In addition to his work in telecommunications, Lightsey was a former member of the board of directors for the Federal Reserve Bank in Richmond, Va., and was director of emerging technologies policy for General Motors. Lightsey’s father, Harry Lightsey Jr., was the former president of the College of Charleston, where the younger Lightsey has served as a trustee.

McMaster said Hitt’s “imprint on our state’s economy and progress has been immeasurable,” adding the former newspaper editor and BMW executive who will be retiring this fall has “solidified Team South Carolina’s global brand for automotive, aerospace and tire manufacturing and their international exports to name a few.”

Under Hitt’s leadership, Commerce has landed major investments from some of South Carolina’s best-known industries, including tiremakers Michelin and Bridgestone, commercial vehicle manufacturer Mercedes-Benz Vans, appliance industry leader Samsung and the $1.2 billion Volvo Cars campus in Berkeley County.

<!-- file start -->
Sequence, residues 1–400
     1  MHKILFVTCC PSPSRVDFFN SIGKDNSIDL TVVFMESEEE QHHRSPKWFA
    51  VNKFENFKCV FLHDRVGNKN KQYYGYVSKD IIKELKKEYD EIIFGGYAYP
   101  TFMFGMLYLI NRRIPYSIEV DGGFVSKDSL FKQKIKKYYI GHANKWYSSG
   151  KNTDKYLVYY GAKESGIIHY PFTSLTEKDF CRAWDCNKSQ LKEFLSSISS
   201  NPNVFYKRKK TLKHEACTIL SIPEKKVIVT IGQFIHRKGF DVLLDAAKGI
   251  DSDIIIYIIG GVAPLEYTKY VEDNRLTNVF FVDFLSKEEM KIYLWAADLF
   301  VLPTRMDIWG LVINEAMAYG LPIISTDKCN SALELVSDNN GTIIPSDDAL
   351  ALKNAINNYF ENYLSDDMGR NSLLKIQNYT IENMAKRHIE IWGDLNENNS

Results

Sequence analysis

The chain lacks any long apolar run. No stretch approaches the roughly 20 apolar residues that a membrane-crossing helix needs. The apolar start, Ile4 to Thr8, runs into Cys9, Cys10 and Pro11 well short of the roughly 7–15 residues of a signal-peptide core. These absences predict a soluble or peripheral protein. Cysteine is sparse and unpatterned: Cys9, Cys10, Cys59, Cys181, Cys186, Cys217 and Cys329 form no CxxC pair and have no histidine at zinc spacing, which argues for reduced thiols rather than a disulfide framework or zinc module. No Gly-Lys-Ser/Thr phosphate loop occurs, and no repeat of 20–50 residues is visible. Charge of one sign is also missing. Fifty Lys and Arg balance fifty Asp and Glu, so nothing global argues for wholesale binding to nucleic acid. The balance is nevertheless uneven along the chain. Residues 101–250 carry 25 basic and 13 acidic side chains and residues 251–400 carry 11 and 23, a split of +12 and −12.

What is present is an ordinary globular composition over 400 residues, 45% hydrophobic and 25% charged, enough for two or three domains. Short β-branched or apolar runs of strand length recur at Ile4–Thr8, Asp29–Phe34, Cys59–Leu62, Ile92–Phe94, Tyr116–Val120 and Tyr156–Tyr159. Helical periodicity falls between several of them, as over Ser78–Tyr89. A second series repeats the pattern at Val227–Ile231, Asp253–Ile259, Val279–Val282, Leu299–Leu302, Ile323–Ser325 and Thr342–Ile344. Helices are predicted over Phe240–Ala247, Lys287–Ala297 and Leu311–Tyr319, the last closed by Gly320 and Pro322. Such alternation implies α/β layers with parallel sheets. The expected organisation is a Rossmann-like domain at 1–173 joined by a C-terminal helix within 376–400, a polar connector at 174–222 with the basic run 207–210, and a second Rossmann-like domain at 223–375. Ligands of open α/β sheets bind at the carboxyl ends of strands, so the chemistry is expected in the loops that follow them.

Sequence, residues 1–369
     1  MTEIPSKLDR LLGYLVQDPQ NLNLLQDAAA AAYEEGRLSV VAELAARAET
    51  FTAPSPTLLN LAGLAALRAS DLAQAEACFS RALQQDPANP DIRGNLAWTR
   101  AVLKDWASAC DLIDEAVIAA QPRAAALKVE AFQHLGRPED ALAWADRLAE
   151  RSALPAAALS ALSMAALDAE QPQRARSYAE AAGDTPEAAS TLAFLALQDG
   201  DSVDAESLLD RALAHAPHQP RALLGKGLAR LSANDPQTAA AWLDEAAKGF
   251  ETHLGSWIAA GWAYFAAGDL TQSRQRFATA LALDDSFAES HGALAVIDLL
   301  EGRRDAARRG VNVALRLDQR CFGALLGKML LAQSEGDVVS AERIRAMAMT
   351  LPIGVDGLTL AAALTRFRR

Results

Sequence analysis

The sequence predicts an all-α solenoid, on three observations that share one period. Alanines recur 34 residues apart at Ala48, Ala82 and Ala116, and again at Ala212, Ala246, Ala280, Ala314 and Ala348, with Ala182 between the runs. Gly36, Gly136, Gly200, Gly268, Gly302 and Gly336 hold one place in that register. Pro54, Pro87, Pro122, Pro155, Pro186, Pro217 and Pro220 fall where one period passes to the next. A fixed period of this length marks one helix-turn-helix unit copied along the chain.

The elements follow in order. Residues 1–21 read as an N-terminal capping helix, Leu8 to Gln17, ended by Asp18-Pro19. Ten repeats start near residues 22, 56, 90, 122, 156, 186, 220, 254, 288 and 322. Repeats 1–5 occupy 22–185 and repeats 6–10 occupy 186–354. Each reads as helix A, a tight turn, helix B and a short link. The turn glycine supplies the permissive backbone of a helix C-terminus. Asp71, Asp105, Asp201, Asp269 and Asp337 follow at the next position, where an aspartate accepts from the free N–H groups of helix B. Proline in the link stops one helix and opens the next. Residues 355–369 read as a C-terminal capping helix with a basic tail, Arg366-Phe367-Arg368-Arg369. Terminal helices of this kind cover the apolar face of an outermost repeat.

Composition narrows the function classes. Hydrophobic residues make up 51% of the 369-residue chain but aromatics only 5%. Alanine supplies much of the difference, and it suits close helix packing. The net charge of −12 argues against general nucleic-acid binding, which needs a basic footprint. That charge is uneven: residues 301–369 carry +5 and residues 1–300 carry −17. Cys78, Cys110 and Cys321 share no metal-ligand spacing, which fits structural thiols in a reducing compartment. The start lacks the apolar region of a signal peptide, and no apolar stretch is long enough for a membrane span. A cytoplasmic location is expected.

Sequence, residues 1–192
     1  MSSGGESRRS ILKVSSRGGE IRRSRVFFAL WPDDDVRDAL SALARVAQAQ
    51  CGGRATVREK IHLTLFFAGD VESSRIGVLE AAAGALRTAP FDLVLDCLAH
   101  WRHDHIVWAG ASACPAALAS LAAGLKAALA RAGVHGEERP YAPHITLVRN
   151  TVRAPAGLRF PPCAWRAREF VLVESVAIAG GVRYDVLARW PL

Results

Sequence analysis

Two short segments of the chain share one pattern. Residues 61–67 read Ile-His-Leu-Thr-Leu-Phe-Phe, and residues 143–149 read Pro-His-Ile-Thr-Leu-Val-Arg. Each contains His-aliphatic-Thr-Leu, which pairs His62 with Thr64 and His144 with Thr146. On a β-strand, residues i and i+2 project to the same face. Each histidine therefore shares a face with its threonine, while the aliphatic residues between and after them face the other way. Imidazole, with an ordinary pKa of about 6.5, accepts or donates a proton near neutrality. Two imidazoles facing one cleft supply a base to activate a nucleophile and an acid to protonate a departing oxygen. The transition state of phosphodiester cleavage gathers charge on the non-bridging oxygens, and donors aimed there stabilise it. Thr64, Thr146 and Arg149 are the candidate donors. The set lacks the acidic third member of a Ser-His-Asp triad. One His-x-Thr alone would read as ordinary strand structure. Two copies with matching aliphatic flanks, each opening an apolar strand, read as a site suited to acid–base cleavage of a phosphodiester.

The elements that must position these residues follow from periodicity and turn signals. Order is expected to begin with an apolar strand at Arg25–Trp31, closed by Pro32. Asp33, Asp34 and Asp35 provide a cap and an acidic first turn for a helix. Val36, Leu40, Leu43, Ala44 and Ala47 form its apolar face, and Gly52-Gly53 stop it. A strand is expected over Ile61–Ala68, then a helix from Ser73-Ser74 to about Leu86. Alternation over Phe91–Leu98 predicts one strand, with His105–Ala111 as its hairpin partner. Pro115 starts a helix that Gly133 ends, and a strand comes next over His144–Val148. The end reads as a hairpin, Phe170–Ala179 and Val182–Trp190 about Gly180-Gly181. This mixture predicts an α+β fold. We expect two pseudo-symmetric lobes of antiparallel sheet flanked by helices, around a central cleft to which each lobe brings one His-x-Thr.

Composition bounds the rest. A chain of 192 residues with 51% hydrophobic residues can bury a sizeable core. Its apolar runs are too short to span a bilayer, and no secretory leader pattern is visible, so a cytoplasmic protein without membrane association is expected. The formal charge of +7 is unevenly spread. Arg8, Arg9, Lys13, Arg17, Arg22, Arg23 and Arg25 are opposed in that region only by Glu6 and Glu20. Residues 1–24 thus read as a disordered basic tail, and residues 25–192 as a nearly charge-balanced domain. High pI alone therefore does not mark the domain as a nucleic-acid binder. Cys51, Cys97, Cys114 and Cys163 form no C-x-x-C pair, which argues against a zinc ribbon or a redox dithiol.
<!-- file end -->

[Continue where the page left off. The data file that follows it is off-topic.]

South Carolina’s automotive sector has grown to a $27 billion-a-year industry during Hitt’s tenure, and aerospace firms now contribute $28 billion annually to the state’s economy.

Hitt said he has known Lightsey for several decades and would remain available to help him as he takes on the new job at no expense to the state.

“This is not easy work, it’s not traditional work, but it’s work I know that Harry will fit into very well,” Hitt said.

Nationwide veterinarian shortage felt in South Carolina

South Carolina animal service officials say the shortage could lead to a domino effect. COLUMBIA, S.C. — According to Columbia animal health care officials, millions of pets could go without medical care as the nation faces a shortage of veterinarians. "Last year, we saw 1,300 pets on our mobile vaccine clinic," said Denise Wilkinson, Pawmetto Lifeline's CEO. "Last weekend, we saw 635 pets. The only reason why we didn't see as many pets we saw last year is because we don't have the vets anymore." ...